February 25, 2019 10:00 AM
This week’s Courier Herald column:
Several years ago, I had the opportunity to tag along on a
trip with a handful of Georgia legislators, education officials, and Governor
Deal. We visited New Orleans, and talked
to a variety of educators and community leaders who were all stakeholders in re-creating
the local school system in the wake of hurricane Katrina.
A lasting memory from the trip came from one of the
initiatives’ biggest initial critics, who had become one of its biggest
champions. When asked how she was able
to work with those she didn’t initially trust, toward a solution she
reluctantly came to accept, she had a relatively simple but profound answer.
She told us that she always asked whenever there was a
disagreement if the problem was about the adults or about the kids. She found that the stickiest issues were
usually “adult problems”, and that when the groups focused on the kids, it was
much easier to find a consensus and move forward.
Issues of teacher compensation, pension programs, and
taxation are “adult problems”, and Georgia has spent the time digging out of
the recession into our current expanding economy focused on them. When state revenues began to grow, Governor
Deal allocated roughly half of each year’s additional money to education. Some years included significantly more than
half. The result is that the state’s education
funding formula (QBE) was fully met last year for the first time in decades, if
ever, depending on who you ask.
Governor Kemp has been equally ambitious. The vast majority of new spending under his
first budget proposal (to the tune of a half billion dollars) has been
earmarked for teacher pay raises, with a promise of even more to come. That’s money for raises now, and additional
money going into Georgia’s Teacher Retirement System for bigger pensions later.
The adults are being taken care
of. Too many of Georgia’s students are
As Georgia pours more and more money into the same system,
most students are still locked into educational opportunities based on the zip
code in which their parents can afford to live. Too many have limits placed on
their education attainment based on socioeconomic factors and arbitrary
Students are not one-size-fits-all yet all too often that’s
how the system is designed. We do not have a system designed to maximize each
student’s inherent potential. We do,
however, have options to unlock additional opportunities for all.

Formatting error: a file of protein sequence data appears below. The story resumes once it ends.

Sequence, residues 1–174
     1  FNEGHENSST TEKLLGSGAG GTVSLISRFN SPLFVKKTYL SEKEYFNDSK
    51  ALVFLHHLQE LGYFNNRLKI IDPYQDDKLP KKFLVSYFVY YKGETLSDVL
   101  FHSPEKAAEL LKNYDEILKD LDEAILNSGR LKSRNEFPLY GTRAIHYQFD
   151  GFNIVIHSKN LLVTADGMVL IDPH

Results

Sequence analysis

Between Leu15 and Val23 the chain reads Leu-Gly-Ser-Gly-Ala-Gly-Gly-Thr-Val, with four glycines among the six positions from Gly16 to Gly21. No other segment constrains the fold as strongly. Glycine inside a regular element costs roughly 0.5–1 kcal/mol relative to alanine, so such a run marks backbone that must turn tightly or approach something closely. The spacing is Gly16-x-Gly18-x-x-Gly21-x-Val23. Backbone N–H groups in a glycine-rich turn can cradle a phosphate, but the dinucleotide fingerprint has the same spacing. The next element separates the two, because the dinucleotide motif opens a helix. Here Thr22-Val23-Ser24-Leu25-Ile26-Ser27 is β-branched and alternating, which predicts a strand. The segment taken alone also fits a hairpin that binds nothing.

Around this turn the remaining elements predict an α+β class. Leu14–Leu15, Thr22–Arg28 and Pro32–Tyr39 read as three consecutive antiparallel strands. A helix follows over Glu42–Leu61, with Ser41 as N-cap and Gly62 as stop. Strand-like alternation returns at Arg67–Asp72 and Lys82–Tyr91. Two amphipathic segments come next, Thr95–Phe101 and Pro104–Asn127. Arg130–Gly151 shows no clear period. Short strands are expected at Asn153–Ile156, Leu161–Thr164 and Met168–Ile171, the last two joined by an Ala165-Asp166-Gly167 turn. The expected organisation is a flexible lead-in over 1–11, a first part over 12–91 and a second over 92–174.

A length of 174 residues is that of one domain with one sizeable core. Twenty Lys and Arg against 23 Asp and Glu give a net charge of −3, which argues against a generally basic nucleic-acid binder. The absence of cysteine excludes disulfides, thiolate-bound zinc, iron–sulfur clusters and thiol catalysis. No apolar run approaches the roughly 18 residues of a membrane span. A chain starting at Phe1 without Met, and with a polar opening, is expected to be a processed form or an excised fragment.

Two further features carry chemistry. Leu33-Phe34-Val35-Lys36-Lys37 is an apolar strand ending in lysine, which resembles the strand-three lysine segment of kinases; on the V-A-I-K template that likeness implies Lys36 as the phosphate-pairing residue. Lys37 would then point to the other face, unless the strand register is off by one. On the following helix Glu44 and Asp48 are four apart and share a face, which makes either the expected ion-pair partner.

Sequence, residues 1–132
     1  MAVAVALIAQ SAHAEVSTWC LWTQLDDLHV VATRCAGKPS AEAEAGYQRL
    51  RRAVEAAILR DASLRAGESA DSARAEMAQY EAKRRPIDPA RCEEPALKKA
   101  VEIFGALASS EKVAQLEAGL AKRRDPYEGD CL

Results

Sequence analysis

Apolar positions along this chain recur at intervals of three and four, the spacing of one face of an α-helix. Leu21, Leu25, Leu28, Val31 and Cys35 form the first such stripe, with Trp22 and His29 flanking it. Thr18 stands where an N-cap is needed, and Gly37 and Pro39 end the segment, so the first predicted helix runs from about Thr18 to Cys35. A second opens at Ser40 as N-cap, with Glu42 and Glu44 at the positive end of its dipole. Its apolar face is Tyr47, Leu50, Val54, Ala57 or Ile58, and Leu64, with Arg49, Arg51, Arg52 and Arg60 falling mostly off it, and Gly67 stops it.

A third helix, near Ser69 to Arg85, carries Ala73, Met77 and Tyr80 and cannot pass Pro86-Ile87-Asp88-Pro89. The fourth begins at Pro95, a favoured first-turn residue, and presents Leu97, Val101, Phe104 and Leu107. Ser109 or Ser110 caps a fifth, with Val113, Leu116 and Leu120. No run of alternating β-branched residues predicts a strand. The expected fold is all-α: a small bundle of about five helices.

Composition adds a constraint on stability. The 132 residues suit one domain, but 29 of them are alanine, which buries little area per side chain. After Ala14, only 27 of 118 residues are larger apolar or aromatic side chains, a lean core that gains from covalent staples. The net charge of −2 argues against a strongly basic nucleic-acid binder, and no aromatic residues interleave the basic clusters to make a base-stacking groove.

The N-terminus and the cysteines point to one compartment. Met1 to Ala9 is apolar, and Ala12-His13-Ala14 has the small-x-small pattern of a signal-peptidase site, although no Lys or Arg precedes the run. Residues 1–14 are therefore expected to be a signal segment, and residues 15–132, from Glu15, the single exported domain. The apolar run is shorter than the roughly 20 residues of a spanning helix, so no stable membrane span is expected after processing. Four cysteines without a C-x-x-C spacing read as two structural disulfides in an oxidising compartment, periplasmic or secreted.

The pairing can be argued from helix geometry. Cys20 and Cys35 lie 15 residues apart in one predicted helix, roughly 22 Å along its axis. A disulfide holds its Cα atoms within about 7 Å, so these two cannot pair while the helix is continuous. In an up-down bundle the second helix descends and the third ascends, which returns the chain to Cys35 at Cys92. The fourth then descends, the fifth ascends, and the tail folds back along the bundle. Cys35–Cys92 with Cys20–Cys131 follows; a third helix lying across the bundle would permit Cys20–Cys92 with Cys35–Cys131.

Georgia House Bill 301 –and its companion, Senate Bill 173–seek
to provide scholarships to Georgia students in order to give them additional
opportunity beyond the traditional school they are assigned by their
district. It would be limited to no more
than one half of one percent of Georgia’s students in its initial year, growing
to no more than five percent over the life of the program.
It would be available only to students who have spent the
prior year in a Georgia public school, and thus wouldn’t be a “voucher” for
kids currently in private schools.
Priority would be given to students with disabilities, those from
families with limited financial means, the children of active duty military personnel,
those in the foster system or those who have documented cases of having been
bullied. Schools accepting the students
would have to meet financial, safety, and non-discrimination standards and
employ teachers with specific education credentials.
As for other “adult problems” that critics usually raise, it
should be noted that no local funds are used for these scholarships. Thus, all local property and ESPLOST taxes
remain in the student’s local system, but the system has no financial
responsibility for educating the student.
The state, meanwhile, has fully funded QBE and is giving
teachers significant pay raises. Thus,
no one in the existing bureaucracy is being starved to give families additional
options to ensure their children can maximize personal opportunity.
Everyone in this situation wins. That is the way it should be, when the adults
who decide policy focus on the children first.